Parent Training: Tips For Success

Parent training refers to involving the parents or caregivers in their child’s ABA therapy. All ABA therapists have a responsibility to encourage parent training or parent education. That may mean sharing details of behavioral goals with the parents, videotaping your sessions and evaluating them with the parents, observing the parents implementing compliance training and providing feedback….it could even be as simple as making recommendations to the family about behavioral supports in the home, such as posting a visual schedule.
Parent training doesn’t have to be difficult or time consuming. If you’re an ABA therapist then at the end of each session you could review data and behavioral concerns with the parents. If you’re a supervisor you could schedule weekly meetings or telephone consultations with the families to discuss their child’s programs. When it comes to ABA, parental involvement is key.

Research has consistently shown that when parents are involved in the ABA therapy process, outcomes are more positive. ABA just isn’t as effective without a team approach. If the behaviors that the ABA therapist teaches to the child are not generalized, reinforced, and maintained by the family, then one of two things will happen: the child will lose the skill, OR the child will only display the skill for the therapist. That can look like a client who uses language with you, but leads their Dad by the arm. Or a child who is potty trained for you, but wets their underwear when they are alone with their parents. Partial success only when the therapist is around isn’t real success at all.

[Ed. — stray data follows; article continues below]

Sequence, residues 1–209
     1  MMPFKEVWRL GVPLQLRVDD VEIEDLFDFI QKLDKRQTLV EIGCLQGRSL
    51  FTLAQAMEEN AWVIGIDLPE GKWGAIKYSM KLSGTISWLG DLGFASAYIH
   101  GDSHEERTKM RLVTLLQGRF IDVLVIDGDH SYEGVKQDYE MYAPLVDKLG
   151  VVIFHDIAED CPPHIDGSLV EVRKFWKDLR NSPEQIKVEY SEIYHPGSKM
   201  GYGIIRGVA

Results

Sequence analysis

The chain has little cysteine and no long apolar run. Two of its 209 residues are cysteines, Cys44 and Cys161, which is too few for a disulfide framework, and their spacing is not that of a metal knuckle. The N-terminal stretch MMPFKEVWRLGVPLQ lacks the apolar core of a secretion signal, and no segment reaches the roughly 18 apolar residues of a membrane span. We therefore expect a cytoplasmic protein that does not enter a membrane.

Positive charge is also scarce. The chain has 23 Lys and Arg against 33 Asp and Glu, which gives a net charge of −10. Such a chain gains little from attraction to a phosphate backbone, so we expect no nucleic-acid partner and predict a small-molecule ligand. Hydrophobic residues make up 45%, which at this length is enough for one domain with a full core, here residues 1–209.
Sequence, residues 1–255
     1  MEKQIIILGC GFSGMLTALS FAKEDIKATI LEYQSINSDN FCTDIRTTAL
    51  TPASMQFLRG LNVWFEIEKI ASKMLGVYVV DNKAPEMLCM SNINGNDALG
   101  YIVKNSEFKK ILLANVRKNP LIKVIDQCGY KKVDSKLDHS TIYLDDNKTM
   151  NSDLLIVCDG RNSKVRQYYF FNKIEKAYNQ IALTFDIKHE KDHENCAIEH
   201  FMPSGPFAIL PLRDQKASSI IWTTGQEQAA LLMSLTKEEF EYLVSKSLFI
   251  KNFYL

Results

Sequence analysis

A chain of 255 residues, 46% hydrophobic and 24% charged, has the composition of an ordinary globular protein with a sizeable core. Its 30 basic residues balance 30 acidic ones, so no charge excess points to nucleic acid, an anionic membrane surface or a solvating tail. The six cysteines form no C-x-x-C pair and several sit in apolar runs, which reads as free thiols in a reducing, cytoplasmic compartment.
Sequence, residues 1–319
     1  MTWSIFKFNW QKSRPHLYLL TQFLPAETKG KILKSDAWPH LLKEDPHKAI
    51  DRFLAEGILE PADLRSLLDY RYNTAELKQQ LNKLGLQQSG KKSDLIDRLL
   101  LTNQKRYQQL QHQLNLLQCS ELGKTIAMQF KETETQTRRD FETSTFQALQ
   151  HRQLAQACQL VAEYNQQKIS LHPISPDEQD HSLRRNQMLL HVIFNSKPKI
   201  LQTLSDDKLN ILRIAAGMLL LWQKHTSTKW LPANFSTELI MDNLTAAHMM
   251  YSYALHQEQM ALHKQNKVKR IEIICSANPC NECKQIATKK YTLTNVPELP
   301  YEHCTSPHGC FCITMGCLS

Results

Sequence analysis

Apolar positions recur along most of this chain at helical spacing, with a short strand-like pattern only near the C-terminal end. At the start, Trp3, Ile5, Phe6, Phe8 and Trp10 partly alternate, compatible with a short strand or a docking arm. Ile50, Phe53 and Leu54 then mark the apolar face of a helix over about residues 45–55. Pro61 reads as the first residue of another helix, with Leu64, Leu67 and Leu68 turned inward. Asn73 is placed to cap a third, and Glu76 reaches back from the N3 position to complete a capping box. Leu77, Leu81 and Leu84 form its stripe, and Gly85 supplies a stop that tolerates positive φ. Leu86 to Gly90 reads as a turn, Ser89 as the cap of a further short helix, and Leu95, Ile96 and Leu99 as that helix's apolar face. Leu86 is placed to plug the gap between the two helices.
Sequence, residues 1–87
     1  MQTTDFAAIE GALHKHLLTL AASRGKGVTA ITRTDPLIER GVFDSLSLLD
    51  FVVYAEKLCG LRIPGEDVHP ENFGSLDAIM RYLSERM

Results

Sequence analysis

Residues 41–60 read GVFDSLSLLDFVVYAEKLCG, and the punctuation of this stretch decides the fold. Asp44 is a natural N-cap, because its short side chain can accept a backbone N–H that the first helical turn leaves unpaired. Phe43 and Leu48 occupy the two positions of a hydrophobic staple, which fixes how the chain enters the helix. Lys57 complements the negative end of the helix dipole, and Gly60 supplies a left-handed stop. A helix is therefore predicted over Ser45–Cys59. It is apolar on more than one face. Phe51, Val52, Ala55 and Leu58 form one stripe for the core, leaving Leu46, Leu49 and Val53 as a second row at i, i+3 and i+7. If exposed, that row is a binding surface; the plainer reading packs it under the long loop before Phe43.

The parents or primary caregivers need to know and understand the ABA therapy goals, behavior plans, and strategies so well that in the ABA therapists’ absence they could independently run a therapy session. That is the degree of involvement you are shooting for.

A very popular question I get asked by new therapists is “How can I get resistant or uncooperative parents to participate in parent training?

First, its important to look at the parents you work with using the correct set of eyes. Take off the judgemental or critical eyes, and put on compassionate eyes:
 It is very hard to let someone into your home who will tell you everything you are doing wrong. It is very hard to trust a stranger to help your child. It is very hard for some families to accept a diagnosis of Autism. It is very hard to step out of paralyzing fear to seek help. It is very hard to admit that as a parent, you don't know what to do with your own child.